Collecting Land Value Through Public Land Leasing
In this paper, John E. Anderson examines the experience of leasing public land in China. Specifically, he addresses the issues related to the adoption of a proposed ad valorem property tax within a public leasehold system. He also explores how long-term leases may affect the government’s ability to capture land value increases.
Anderson argues that there is no technical problem of introducing a property tax in China. There are ample examples of Western governments collecting property taxes on public leaseholds. The challenge in China is that leasehold charges established through negotiation do not reflect the market value of land and thus are not useful for tax assessment purposes. With regard to the effects of long lease terms on the government’s ability to capture land value, Anderson asserts that the Chinese government is giving up substantial amounts of revenue in order to retain the option to redevelop land at the end of the lease. To balance this tradeoff, the government could introduce more flexible lease terms and allow lessees to extend their leases for another term with payments of higher land rents or leasing fees. This may allow the government to capture a larger share of the increased land value over time.
Guanzhong James Wen raises two concerns about the Chinese public leasehold system. First, he argues that the coexistence of private and public land markets is a precondition for the success of public land leasing. The private land market provides land price data for setting leasehold charges and tax assessments. More important, it gives land users an option to exit from the public leasehold market if the government overcharges lessees for using land. The absence of an active private land market in China could lead to inefficiency there. Second, local governments in China depend on leasing fees to finance urban infrastructure and basic services. Wen asserts that this land-based public finance system has increased income inequity and social injustice. Property prices in major cities have skyrocketed and in turn have negatively affected middle and low-income households. The financial impact is especially serious for those who have migrated to cities from rural areas for employment opportunities. Until recently, lease revenues collected by local governments have rarely been used to build affordable housing or provide other public goods for the poor.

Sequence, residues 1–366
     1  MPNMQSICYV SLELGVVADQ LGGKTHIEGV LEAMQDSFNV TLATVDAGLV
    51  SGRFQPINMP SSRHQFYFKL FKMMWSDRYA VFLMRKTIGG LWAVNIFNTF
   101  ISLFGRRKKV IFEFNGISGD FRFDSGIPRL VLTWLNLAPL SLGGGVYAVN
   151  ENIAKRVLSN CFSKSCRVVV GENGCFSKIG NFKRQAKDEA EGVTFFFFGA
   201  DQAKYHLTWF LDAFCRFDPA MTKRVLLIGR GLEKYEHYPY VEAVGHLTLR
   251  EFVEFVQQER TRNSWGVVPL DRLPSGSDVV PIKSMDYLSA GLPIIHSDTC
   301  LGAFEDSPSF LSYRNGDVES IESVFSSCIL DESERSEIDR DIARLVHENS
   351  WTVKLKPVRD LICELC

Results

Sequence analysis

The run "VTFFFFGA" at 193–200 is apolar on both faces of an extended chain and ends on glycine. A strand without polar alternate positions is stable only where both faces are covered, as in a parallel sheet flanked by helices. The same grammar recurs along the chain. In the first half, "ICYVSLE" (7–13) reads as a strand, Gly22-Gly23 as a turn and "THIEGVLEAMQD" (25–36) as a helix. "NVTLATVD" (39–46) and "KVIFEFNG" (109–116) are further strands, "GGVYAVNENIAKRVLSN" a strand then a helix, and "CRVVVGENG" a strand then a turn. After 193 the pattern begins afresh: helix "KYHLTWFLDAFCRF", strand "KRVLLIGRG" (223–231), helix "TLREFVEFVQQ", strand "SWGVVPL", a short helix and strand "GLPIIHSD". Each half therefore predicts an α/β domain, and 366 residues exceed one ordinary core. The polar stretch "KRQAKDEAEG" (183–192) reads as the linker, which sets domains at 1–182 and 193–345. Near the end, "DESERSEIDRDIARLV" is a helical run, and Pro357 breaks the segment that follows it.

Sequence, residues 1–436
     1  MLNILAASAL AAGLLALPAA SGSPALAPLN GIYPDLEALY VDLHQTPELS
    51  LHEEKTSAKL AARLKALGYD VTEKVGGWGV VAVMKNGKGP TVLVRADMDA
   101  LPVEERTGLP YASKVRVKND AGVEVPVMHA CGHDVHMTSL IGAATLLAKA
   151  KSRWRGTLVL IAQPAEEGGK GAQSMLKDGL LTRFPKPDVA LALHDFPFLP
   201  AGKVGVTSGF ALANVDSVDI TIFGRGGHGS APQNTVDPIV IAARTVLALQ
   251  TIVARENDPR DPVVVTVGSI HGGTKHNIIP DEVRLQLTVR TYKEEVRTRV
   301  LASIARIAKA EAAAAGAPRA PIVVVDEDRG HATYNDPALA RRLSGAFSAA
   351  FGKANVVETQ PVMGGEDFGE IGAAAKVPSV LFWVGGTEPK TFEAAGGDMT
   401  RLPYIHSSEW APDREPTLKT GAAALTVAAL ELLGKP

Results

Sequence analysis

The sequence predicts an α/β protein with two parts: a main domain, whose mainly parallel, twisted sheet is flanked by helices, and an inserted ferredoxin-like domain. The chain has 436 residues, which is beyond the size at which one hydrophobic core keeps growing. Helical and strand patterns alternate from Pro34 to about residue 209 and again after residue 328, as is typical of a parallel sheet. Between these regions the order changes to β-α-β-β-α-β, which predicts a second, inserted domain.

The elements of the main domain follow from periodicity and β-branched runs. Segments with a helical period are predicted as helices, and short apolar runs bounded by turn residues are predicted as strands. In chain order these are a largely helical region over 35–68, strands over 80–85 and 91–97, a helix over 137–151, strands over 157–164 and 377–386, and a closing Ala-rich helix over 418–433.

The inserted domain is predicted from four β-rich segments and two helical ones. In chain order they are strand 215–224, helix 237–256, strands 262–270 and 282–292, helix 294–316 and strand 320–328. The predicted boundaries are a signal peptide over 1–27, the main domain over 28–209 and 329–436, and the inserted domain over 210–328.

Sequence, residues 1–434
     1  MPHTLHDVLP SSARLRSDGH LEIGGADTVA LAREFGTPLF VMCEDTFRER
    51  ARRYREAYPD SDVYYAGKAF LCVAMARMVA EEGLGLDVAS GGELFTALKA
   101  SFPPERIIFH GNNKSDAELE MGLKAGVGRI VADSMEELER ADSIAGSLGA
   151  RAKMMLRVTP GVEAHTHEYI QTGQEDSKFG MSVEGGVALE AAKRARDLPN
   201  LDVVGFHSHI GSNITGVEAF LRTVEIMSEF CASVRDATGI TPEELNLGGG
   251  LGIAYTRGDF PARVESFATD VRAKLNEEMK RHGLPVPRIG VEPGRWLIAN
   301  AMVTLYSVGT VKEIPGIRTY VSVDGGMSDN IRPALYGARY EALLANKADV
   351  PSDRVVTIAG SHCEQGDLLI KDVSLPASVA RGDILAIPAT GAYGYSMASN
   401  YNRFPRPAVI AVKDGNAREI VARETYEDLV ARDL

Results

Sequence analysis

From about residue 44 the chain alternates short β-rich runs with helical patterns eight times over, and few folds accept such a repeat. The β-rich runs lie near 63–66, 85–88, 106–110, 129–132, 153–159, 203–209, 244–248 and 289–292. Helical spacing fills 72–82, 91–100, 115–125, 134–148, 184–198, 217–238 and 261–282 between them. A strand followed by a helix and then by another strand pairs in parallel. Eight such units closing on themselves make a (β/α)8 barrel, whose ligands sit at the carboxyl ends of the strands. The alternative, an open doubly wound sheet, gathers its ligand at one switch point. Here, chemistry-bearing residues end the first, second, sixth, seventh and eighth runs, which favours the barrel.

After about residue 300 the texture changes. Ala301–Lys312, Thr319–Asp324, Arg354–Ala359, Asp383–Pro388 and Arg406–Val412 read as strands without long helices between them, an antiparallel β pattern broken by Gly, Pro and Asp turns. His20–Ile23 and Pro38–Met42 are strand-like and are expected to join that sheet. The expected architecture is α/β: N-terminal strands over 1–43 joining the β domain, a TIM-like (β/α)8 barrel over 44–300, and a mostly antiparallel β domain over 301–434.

This paper was presented at the Lincoln Institute’s annual Land Policy Conference in 2011 and is Chapter 6 of the book Value Capture and Land Policies.